Computation Years

Computation years are an important component in determining when a person is eligible for Social Security Disability benefits and how much their payments from the Social Security Administration will be – particularly when it comes to Social Security Disability Insurance (SSDI).

The computation period comes into play when an applicant's wages are taken into account, and past earnings are updated to reflect current wage growth. This is because payments are not dictated based on the applicant's condition, but based on their working past and your earnings prior to becoming unable to work.

The Social Security Administration takes the earnings from the highest-earning 35 years of all the years that you worked, averages them, and divides by 12 (for each month of the year). This figure is called the Average Indexed Monthly Earnings (AIME).

The AIME is then worked into the formula used by the SSA to determine payment amounts. This results in the amount that would be available to the applicant when they reach full retirement age, since this formula is used for both disability and retirement benefit payments.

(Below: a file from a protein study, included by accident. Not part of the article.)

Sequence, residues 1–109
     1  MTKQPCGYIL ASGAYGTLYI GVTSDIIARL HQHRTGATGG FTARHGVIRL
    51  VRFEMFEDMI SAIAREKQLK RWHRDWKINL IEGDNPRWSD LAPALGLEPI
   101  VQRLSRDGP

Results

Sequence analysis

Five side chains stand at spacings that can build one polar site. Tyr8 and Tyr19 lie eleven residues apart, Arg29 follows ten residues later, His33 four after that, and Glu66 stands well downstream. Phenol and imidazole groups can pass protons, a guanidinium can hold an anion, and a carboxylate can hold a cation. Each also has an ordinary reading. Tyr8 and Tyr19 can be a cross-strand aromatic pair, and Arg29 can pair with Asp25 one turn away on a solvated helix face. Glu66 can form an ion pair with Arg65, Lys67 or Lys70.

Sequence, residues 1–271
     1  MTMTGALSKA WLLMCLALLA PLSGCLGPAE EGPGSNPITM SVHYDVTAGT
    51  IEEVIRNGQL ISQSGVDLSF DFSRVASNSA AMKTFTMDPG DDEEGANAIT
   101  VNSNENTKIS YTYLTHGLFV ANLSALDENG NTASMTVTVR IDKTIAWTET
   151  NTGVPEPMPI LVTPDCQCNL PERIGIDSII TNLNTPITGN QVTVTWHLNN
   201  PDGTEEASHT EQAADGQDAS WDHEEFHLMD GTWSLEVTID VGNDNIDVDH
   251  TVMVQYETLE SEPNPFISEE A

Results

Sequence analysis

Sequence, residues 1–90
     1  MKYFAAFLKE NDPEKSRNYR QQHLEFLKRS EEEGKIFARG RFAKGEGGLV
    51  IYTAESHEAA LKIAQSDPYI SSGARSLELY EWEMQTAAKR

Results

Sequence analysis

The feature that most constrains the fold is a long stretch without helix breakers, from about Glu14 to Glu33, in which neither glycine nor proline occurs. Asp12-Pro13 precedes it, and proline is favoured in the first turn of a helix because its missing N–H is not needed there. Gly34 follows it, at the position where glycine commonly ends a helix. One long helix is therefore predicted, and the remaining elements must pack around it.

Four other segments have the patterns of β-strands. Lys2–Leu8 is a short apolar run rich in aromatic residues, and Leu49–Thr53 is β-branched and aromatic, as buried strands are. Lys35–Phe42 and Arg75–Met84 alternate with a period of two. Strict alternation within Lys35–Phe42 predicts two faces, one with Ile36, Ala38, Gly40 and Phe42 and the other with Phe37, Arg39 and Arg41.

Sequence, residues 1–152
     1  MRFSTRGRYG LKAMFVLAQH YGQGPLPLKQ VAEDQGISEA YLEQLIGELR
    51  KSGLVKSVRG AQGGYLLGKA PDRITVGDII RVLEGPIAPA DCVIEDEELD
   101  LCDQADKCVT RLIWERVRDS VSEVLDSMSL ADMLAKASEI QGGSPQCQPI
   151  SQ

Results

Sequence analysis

In the cases where an applicant has less than 35 years of work experience, the Social Security Administration will put in zeroes for each year needed to reach 35 during the averaging process to determine the AIME. As such, your benefit payments will be lower. These 35 years make up the computational period that determines the AIME.

The average Social Security Disability payment in 2017 is around $1,265, while the maximum amount an individual can receive in 2017 is $2,687. Many applicants receive monthly payments hundreds of dollars above and below the average, as the formula determining how much a monthly payment will be depends on the applicant's unique circumstances.